Los Angeles-based content aggregator Cinedigm will launch its Chinese entertainment AVOD channel Bambu in June, and partner with OTT platform Future Today for distribution. The company also recently announced a definitive agreement to acquire the latter for $45 million in cash and $15 million in Cinedigm common stock, a deal expected to close in the second quarter of 2019.

Bambu seeks to bring Chinese-language content to primarily North American Generation Z and millennial viewers. It has been acquiring Chinese TV and film titles for months, including the popular “Journey to the West” TV series, Jackie Chan-starring 2017 fantasy film “Namiya,” and road trip comedy “Breakup Buddies,” among others.

Deals in the past six months include a 30-feature film deal with Youku; 500 hours of popular content from China International TV Corporation, a subsidiary of state broadcaster CCTV, which includes hot period drama “Nirvana in Fire” and food documentary “A Bite of China”; and 40 films licensed non-exclusively from China Lion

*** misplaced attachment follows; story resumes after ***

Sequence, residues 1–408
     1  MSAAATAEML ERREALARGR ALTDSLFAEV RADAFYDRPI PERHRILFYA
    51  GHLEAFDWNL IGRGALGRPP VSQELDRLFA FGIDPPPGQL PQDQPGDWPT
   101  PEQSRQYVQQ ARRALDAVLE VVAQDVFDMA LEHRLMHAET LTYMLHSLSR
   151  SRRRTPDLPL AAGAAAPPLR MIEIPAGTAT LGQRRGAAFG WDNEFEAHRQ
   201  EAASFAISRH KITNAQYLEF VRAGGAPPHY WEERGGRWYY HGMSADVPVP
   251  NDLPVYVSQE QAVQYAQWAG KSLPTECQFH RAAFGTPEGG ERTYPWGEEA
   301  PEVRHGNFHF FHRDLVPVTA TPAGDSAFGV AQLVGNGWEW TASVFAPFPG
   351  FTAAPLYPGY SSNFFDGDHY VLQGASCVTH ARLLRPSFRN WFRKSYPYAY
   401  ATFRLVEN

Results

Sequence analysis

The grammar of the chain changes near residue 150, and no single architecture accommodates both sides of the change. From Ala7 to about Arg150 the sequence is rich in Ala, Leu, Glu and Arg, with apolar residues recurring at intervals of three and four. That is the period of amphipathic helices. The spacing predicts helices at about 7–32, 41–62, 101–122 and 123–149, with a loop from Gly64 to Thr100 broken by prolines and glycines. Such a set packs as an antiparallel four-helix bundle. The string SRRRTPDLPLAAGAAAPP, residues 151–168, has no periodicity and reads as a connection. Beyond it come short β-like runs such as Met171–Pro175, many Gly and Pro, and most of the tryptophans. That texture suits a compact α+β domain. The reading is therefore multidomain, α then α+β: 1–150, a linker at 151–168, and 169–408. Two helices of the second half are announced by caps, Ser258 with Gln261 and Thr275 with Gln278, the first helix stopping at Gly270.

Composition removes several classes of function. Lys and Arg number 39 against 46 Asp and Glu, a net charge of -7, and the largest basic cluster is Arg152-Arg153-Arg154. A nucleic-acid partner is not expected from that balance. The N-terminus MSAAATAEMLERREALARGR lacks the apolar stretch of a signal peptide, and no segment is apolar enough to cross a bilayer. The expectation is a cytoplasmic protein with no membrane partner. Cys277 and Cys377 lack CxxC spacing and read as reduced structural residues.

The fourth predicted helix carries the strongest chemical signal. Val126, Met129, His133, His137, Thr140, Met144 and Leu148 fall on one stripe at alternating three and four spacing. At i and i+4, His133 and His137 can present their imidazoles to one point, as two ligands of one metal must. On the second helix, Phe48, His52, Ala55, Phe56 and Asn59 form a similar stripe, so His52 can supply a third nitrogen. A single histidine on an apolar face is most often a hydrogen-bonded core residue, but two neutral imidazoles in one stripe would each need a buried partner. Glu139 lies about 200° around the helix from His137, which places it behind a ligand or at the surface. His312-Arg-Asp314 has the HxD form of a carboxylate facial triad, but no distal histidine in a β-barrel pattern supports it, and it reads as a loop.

President of Cinedigm Digital Networks Erick Opeka said that Future Today’s “long-established and highly successful advertising and sales strategies are a truly invaluable resource that will play a vital role in further expanding our reach.”

Vikrant Mathur, co-founder of Future Today, said his company would “work to give the platform the widest distribution among all Chinese-content channels in the United States.”

Established in 2006, the Menlo Park-based company has developed more than 700 channels like HappyKids.tv and Fawesome.tv available on smart TVs and via devices like Roku. Its apps have been downloaded 60 million times, primarily in North America, and their 200,000 content assets in categories such as film, food and lifestyle, animation and kids currently receive over 85 million video views per month.

Cinedigm historically specialized in equipping cinemas with digital projection technology, but now that most U.S. theaters have switched already switched over to digital projection, they are increasingly moving into the online video space.